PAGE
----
Barton's hand closes around Matt's wrist, twisting his hand so he can get a better look at the phone. "Tony, it doesn't have a screen."

Tony snorts. "He wouldn't need one, would he?" Matt stiffens as Clint makes a confused noise. There's a pregnant pause in which Matt is certain that Tony is about to spill his secret in front of them all, (and how the hell does he know in the first place?) and then the older man says, "It's not like he can text in those gloves. Besides, screens crack. Good luck breaking that phone, it's a solid reinforced steel alloy. It can take a repulsor without leaving a scratch, tested it myself."

"Nice," Clint says appreciatively and Matt's shoulders uncoil in relief. The archer moves over to talk to Tony, leaving Matt to stand unsteadily in the middle of the hall. He tucks the new phone into an inner pocket of his uniform next to the old one; he'll have to get Claire or Foggy to help him transfer their numbers into the new phone later.

Natasha is so quiet he barely hears her approach as she steps up next to him, bringing with her the faint scent of leather, ozone, and something metallic. "Don't worry," she says, voice pitched so low he can barely hear it beneath Tony and Clint's energetic conversation. "He won't tell anyone unless you give him permission. He does have some tact and common decency despite what he leads people to believe."

Matt frowns, aiming for perplexed even as he tenses. "What do you mean?"

Natasha's hand is feather-light on his forearm, the pressure barely tangible through his reinforced sleeve. "We all know how it feels to be compromised in some way," she says. Her tone is still casual and no-nonsense but there's almost a hint of something more underneath it; honesty or compassion or sympathy, he can't tell which. "All of us, even Stark. Your secrets are yours to keep, but you should know this is a safe place. We understand, perhaps better than anyone else ever will."

Matt's heart is pounding and he is having a hard time reigning his emotions back in. Mind controls the body, boy, Stick's voice reminds him, sneering, but for once it's not helping. Desperate not to show his inner turmoil, Matt searches about for a change of subject and his attention lands on the conversation between Clint and Tony, which has gotten louder and sounds considerably less friendly. "What are they fighting about?"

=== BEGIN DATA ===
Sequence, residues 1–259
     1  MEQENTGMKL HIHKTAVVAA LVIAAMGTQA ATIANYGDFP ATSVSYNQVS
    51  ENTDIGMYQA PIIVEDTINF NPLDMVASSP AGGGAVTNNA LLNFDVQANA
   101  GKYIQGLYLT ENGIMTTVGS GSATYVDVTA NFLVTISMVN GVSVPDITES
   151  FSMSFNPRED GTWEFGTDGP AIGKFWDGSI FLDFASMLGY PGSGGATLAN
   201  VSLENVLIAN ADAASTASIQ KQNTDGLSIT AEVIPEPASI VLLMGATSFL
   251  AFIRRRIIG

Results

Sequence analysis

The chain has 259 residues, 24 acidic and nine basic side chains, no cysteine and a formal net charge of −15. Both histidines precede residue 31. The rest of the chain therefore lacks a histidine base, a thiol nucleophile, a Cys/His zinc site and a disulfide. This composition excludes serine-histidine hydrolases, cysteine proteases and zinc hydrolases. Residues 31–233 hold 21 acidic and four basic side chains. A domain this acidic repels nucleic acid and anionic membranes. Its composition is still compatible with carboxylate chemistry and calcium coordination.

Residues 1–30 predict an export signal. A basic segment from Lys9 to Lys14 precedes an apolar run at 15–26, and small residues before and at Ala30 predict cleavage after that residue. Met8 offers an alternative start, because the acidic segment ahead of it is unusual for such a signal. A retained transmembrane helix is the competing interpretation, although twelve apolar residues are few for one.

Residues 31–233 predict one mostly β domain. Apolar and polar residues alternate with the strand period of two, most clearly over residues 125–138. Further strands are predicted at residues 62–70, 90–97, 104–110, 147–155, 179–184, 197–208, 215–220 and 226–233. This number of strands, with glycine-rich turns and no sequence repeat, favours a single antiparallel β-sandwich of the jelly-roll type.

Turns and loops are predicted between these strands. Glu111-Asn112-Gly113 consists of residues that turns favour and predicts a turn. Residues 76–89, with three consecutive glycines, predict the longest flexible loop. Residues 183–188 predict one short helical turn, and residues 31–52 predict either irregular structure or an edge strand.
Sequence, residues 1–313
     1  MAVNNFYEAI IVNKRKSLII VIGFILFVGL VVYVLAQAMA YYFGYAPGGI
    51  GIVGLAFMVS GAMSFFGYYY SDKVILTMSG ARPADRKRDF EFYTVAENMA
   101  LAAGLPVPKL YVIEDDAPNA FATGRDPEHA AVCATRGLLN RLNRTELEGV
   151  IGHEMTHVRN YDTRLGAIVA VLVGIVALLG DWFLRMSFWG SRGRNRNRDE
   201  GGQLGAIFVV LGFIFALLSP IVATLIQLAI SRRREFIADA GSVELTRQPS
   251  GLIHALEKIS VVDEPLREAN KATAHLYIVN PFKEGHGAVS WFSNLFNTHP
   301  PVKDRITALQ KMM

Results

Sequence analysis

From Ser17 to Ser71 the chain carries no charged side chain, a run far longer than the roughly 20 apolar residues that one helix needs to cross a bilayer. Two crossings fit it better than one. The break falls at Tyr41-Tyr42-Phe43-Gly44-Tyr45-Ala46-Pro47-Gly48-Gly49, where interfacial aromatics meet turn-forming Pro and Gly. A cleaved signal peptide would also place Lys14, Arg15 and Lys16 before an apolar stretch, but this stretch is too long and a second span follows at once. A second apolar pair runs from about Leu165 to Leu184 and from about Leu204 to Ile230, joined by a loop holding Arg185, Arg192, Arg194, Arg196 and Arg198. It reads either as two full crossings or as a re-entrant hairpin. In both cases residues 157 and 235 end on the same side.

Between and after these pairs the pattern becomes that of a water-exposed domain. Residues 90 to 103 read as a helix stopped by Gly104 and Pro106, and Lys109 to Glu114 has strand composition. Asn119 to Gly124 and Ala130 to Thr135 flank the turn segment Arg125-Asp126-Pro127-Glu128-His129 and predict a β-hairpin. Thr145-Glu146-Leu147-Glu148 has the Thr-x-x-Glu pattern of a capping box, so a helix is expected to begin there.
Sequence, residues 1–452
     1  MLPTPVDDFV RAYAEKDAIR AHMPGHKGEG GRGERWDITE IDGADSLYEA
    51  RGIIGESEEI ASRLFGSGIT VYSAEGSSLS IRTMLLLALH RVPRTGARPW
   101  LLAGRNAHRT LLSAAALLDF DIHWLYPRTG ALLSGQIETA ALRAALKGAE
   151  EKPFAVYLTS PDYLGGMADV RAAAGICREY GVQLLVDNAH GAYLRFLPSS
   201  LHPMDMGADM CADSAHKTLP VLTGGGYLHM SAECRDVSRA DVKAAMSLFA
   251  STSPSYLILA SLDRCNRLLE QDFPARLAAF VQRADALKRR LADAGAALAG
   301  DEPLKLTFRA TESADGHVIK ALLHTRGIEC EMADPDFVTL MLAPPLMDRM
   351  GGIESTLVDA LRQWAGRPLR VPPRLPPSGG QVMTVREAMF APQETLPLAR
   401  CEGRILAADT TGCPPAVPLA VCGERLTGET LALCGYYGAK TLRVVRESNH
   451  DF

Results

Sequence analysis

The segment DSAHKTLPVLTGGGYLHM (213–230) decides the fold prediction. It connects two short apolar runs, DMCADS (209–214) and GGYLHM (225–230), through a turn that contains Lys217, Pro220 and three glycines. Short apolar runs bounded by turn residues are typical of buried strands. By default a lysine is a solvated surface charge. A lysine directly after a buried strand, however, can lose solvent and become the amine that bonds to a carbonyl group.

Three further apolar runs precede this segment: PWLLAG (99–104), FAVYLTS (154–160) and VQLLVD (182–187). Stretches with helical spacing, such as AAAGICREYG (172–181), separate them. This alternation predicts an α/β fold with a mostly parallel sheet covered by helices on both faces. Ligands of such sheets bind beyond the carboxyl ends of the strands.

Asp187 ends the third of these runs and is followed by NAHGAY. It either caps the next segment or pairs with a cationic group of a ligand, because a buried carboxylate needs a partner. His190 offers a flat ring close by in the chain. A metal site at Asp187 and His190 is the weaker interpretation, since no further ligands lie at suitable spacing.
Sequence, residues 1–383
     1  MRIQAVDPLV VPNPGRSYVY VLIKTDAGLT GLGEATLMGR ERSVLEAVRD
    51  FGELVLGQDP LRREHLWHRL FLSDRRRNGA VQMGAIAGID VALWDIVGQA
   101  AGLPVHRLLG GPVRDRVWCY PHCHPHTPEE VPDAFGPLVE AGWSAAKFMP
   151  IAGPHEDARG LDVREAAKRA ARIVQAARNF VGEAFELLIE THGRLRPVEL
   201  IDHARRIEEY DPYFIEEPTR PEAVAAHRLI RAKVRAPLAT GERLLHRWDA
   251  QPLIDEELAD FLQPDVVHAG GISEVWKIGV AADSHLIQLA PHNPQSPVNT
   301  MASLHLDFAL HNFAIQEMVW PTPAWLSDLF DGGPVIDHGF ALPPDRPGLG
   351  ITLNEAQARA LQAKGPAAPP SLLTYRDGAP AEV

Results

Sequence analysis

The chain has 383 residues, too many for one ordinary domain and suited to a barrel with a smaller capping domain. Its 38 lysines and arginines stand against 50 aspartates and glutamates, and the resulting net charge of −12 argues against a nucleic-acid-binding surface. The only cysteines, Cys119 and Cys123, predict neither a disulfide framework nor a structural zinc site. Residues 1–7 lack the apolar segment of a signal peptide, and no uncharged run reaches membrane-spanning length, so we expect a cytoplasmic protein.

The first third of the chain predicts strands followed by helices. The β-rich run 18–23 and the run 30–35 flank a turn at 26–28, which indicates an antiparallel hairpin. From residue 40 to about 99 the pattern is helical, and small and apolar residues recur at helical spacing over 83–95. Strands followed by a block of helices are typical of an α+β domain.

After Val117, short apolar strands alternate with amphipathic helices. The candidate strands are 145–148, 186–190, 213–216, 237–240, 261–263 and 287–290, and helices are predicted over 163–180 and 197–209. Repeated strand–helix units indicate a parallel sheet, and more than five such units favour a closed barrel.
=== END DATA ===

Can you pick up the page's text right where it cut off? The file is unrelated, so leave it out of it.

To his great relief, Natasha accepts the topic change without question. "Apparently," she says and the tone of fond exasperation is back, "these two идиоты have had a running bet about who could be first to make friends with the Devil of Hell's Kitchen."

"That explains the sudden interest," Matt says, nodding thoughtfully. "I was wondering what I'd done to get on the Avengers' radar."

"Well this doesn't qualify as official Avengers business," Natasha says. "This is just what happens when we're stupid enough to leave those two alone." There's a soft pause, and then, "But what you've done in Hell's Kitchen - Not everyone might agree, but I think you've done a good thing."

"Oi, Horn Head," Stark shouts suddenly, cutting off any response Matt might've had to her comment not that he could think of anything to say in the first place. "Would you tell Legolas to stop being an ass and pay up?"

"Oh please," Clint says, huffing. "He called me. I'm the reason he's here. Which means you owe me another hundred. Stop being such a pussy and just give it up already."

Matt smirks. "Actually if you want to get technical, Natasha is the one who brought me to the Tower," he points out. "If you ask me, I think that means she is the one who gets the money." Both men immediately revolt against the idea, yelling over the top of each other as they launch their counterarguments, but beneath it he can hear Natasha's surprised laugh.

An hour later Matt has been dropped off six blocks from his apartment by Natasha, who is now the proud owner of two hundred-dollar bills. He takes a long, circuitous route back to his apartment roof - he figures that the odds are that at least one of the Avengers already knows his identity but he's not taking any chances, just in case - and finally collapses into bed just as the sun begins to rise.

Before he can nod off, Matt reaches over and finds his smartphone where he left it on the nightstand the night before. Clicking the voice command button, he says, "Call Foggy," and then drops it on the pillow beside him as the call connects. After three rings there's a click, some shuffled noises, and then finally a sleepy, "Matty?"

"Hey Fog," Matt replies, exhaustion heavy in his own voice now that the adrenaline of the night has worn off and he's comfortably sprawled on his familiar silk sheets. "I just wanted to let you know I'm not gonna make it into the office today."

There's the sound of movement through the speaker and then Foggy's voice again, more alert than before. "Matt, are you okay? Is everything fine? Do I need to call Hottie McBurnerPhone?"

Matt chuckles, finally dragging his arm up to lift the phone to his ear. "No, relax, I'm fine," he says. On the other end of the line there's a gusty exhale as Foggy lets out an anxious breath. "And you know Claire hates it when you call her that."

"Yeah well she never would've known if you hadn't put me on speaker," Foggy reminds him. "I'm still claiming, for the record, that it is all your fault she glares at me. I could sue you for the emotional damage it's caused me. You're lucky you can't see her angry face. It hurts. Like physically, in my soul." Matt bites back another grin. "Seriously though, Matt. You're good?"

"I'm good," Matt agrees. "Really, I promise. Just had a long night. You should come by after work though, I've got a great story to tell you. You are never going to believe where I was last night..."